Posts tagged with "Asylum"

Jews take ‘Never Again Action’ at ICE migrant detention facilities nationwide

July 22, 2019

Serena Adlerstein didn’t expect her Facebook status to turn into a nationwide movement—but somehow her words managed to mobilize thousands of young Jews to the streets, protesting the treatment of migrants in U.S. detention, she told NBC News.

“I made an offhand Facebook post like, ‘What if young Jews occupied ICE detention centers and shut them down?’” Adlerstein, 25, she said in an interview with the network news outlet.

People responded, and by that evening, on June 24, she was on the phone with other young Jews from around the country planning a protest, and hundreds of people had signed up on a Google doc expressing interest in joining.

Their motivation was empathy for those seeking asylum and safety—but they also harbored memories and fears that stretched back more than a century: Indeed, as she watched pundits and politicians debate whether to call migrant detention centers “concentration camps”, Adlerstein was reminded of the Holocaust refrain she was raised on: “Never Again.”

“Never Again,” she thought, is now.

A week later, on Sunday, June 30, about 200 protesters under the banner of the newly formed Never Again Action protested outside a detention center in Elizabeth, New Jersey. As of that day, 36 activists were arrested and the demonstration had sparked a burgeoning movement.

My intent wasn’t to start an organization or a long-term movement,” Adlerstein explained to NBC News. But now that Never Again Action has spread across the country, she’s leaning into it.

Since that initial protest, just two weeks ago, Never Again Action has organized more than 10 different protests around the country, in states from California to Rhode Island, and more are scheduled in the coming weeks.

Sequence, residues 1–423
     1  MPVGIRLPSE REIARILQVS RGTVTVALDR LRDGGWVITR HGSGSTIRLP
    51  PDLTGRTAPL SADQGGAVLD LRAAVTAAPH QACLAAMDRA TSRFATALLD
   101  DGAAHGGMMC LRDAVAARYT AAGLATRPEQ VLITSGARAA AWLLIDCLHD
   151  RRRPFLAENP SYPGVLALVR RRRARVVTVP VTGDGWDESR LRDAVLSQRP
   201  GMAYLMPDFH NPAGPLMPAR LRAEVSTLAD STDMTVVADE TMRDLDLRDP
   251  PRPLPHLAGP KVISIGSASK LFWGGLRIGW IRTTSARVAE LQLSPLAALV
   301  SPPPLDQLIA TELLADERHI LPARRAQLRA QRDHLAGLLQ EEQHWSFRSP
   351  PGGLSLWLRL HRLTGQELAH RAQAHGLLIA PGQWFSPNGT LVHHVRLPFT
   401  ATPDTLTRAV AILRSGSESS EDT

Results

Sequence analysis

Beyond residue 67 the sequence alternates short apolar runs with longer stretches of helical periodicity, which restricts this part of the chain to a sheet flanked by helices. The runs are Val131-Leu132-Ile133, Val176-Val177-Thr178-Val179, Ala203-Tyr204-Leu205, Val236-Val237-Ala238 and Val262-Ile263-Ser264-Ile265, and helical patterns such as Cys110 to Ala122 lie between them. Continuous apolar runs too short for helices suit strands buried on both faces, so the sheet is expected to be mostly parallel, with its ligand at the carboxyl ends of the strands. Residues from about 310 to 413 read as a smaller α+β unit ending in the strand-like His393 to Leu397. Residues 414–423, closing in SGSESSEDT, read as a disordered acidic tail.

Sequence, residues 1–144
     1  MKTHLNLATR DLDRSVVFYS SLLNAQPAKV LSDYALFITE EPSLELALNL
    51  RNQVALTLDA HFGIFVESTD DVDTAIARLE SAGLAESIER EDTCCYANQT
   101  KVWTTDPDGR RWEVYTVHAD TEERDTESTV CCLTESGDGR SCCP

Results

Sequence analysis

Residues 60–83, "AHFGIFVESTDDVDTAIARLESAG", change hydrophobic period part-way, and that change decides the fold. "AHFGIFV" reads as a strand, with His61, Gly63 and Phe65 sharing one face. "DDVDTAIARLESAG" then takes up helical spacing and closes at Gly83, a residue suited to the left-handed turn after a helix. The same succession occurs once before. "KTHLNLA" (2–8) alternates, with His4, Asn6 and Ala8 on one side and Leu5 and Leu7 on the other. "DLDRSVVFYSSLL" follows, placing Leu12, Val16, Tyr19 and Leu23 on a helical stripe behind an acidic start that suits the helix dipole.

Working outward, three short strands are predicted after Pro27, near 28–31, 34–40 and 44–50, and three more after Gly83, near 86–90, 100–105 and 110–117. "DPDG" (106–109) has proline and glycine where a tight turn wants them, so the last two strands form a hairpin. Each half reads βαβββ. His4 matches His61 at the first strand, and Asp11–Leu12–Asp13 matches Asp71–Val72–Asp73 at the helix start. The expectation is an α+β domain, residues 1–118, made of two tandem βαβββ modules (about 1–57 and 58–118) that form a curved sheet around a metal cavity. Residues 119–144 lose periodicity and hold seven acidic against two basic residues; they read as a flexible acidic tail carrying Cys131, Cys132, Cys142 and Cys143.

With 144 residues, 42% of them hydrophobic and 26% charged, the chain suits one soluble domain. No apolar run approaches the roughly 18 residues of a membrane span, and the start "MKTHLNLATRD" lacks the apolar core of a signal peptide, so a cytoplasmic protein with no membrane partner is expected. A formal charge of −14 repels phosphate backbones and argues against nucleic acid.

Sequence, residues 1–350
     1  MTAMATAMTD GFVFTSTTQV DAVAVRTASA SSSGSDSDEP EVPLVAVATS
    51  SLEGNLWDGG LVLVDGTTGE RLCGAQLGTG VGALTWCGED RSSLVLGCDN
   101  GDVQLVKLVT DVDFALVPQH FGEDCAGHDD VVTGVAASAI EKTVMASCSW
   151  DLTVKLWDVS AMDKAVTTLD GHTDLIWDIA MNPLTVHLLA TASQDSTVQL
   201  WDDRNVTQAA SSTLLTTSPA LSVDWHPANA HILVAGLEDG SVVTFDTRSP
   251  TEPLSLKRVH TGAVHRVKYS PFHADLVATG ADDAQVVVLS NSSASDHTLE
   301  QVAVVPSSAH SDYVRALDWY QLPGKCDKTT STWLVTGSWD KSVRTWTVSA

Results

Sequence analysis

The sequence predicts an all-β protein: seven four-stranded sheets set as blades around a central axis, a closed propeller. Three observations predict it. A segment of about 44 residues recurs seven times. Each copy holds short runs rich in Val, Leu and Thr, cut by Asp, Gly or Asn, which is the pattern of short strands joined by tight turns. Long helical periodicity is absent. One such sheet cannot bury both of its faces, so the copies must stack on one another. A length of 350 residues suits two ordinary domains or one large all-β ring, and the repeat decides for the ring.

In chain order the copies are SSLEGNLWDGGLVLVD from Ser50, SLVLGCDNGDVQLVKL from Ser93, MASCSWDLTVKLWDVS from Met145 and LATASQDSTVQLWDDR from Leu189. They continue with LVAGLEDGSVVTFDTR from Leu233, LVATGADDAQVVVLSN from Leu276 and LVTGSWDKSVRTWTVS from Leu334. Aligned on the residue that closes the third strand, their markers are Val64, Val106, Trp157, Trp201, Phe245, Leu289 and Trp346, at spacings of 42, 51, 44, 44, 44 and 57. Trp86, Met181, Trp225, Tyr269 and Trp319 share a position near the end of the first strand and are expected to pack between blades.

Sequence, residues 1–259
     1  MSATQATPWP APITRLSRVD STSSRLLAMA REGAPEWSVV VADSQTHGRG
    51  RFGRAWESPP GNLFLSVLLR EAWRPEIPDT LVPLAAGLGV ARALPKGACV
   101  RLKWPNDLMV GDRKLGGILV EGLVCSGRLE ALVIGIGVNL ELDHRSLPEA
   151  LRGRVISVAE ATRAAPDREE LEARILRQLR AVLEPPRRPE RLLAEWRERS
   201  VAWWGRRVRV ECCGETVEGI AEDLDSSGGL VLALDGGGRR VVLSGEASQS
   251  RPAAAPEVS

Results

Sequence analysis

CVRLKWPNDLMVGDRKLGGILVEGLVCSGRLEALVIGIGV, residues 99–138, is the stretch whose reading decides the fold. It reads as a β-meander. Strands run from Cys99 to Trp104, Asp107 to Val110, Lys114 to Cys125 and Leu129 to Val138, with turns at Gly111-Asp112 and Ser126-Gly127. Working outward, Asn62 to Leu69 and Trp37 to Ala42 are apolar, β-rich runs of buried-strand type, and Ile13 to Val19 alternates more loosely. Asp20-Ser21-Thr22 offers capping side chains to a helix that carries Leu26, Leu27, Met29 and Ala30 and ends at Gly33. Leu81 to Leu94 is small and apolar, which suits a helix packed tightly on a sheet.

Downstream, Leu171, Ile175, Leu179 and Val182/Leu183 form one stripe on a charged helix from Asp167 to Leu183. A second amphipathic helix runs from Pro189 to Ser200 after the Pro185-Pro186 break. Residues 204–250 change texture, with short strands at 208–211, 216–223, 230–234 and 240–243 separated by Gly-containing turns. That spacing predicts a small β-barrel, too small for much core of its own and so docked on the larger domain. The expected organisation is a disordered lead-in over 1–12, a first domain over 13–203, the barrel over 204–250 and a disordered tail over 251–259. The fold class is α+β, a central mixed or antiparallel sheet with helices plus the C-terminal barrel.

In Boston on July 2, more than 1,000 protesters gathered at the New England Holocaust Memorial, where they marched to a nearby jail where ICE houses detainees. In Philadelphia, 33 people were arrested when they blocked the city’s Fourth of July parade, holding sings like ‘Never Again Means Close the Camps.”

Julia Davidovitz, 25, a preschool teacher in Boston organizing with Never Again, told the network news outlet that people like her need to act and bring the community together because institutional leaders aren’t.

“This is an occasion where we have been moral leaders,” she said. “We have not seen as much moral leadership from the stronghold of the mainstream Jewish leadership.”

Her message: “Join us.”

Davidovitz wants to see entire congregations join upcoming actions, and invited her rabbi and mom to join her in action.

“This is a crisis no matter what language you use to describe it” Davidovitz said. “We are a community that’s been targeted. We can’t stand by while it happens to others.”

Research contact: @NeverAgainActn

In 2016, Manafort held secret talks with Wikileaks’ Assange in Ecuadorian embassy

November 28, 2018

President Donald Trump’s former Campaign Manager Paul Manafort held secret talks with Wikileaks founder Julian Assange inside the Ecuadorian embassy in London where he had sought asylum—and visited around the time he joined Trump’s campaign, The Guardian reported on November 27.

Manafort’s March 2016 visit to Assange lasted about 40 minutes, a source told the news outlet. Just two months later, in June 2016, WikiLeaks emailed Russian intelligence (the GRU) via an intermediary—seeking DNC materials. After failed attempts, Vladimir Putin’s spies sent the Democrats’ documents in mid-July to WikiLeaks as an encrypted attachment.